And that fear can become a delirium.
It is fear of my money-mad fellow-men.
We must have some money
to save us from eating dirt.
And this is all wrong.
Bread should be free,
shelter should be free,
fire should be free
to all and anybody, all and anybody, all over the world.
We must regain our sanity about money
before we start killing one another about it.
It's one thing or the other.                                                         
— D. H. Lawrence, Pansies, 1929

Sallust tells Caesar that the whole world will be "set in order by land and sea . . . if you deprive
money, which is the root of all evil, of its advantage and honor."                (
Ad Caes. Or. 7.1-3)

Fidel Castro says: "We've done way with a lot of privileges and inequalities and we want all of
them to disappear, but the real problem isn't to redistribute income or equalize wares. We must
break from the mastery of money, get rid of money altogether.          
— Jerry Rubin, Do It!, 1970
                                                                                 Rubin visited Cuba and spoke with Castro.

George Read thought the words [allowing the Federal government to "emit bills of credit" i.e.,
print paper money], if not struck out [of the Consitiution] would be as alarming as the mark of the
Beast in Revelation.                                                                
— James Madison, Debates, 1787

That shall come forth from hollow caves which shall cause all the nations of the world to toil and
sweat with great agitation, anxiety and labor, in order to gain its aid.
                                                  — Leonardo Da Vinci (1452-1519), "Prophecies", Notebooks

And only the Master shall praise us, and only the Master shall blame;
And no one shall work for money, and no one shall work for fame;
But each for the joy of the working, and each, in his separate star,
Shall draw the Thing as he sees It, for the God of Things as They Are!
                                                                                 — Rudyard Kipling (1865-1936), L' Envoi

QUESTION: If you had the power to create or erase any one law, what would it be?
ANSWER: I would create a law that says everything in the world would cost 10 cents. I would
want this law because a lot of poor or homeless people could afford a house and food.       
— Courtni Birks, 11, Naylor Middle School, Tucson, Arizona.
Arizona Daily Star, October 19, 2007
More Quotes: Pol Pot, Muammar Gaddafi, Fredrich Engles, et al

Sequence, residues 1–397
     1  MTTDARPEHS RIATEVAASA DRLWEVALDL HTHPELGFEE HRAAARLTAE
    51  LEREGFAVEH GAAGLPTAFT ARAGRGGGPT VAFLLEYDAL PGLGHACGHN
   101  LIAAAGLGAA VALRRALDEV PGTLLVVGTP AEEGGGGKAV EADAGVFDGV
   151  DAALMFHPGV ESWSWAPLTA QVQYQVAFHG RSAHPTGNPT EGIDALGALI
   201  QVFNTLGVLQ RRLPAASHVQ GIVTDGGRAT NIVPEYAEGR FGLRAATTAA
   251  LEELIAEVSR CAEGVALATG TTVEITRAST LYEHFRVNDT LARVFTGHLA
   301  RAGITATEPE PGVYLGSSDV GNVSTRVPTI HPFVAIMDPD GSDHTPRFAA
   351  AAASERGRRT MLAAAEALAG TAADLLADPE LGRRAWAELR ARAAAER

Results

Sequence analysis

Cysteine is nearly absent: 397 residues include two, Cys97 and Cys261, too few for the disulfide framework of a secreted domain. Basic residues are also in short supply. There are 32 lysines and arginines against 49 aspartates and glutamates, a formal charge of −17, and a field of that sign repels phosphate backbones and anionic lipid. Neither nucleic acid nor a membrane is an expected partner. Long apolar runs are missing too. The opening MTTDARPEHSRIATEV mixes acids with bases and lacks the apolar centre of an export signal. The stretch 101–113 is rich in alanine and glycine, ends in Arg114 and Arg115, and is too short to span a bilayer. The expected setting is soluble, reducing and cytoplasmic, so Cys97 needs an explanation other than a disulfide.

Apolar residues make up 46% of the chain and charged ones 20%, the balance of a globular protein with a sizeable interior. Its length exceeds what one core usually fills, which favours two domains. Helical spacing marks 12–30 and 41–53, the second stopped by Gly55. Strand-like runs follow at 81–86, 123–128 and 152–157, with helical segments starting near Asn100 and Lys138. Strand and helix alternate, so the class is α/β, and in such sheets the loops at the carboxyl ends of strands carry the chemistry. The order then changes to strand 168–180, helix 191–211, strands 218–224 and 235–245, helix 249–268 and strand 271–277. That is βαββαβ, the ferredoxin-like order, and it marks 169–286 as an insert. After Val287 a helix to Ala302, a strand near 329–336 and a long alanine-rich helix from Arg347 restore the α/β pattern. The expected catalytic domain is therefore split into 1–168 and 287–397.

Karl Marx on the Power of Money (Quotes Shakespeare & Goethe)
Karl Marx on The Jewish Question: "The God of the Jews is MONEY"
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In a communist society, the state and money will disappear. Their gradual dying away ought consequently to begin
under socialism. We shall be able to speak of the actual triumph of socialism only at that historical moment when the
state turns into a semi-state, and money begins to lose its magic power. This will mean that socialism, having freed
itself from capitalist fetishes, is beginning to create a more lucid, free and worthy relation among men. Such
characteristically anarchist demands as the ‘abolition’ of money, ‘abolition’ of wages, or ‘liquidation’ of the state and
family, possess interest merely as models of mechanical thinking. Money cannot be arbitrarily ‘abolished’, nor the state
and the old family ‘liquidated.’ They have to exhaust their historic mission, evaporate, and fall away. The deathblow to
money fetishism will be struck only upon that stage when the steady growth of social wealth has made us bipeds
forget our miserly attitude toward every excess minute of labor, and our humiliating fear about the size of our ration.
Having lost its ability to bring happiness or trample men in the dust, money will turn into mere bookkeeping receipts for
the convenience of statisticians and for planning purposes. In the still more distant future, probably these receipts will
not be needed. But we can leave this question entirely to posterity, who will be more intelligent than we
 -- Trotsky, The Struggle for Productivity of Labor, 1936).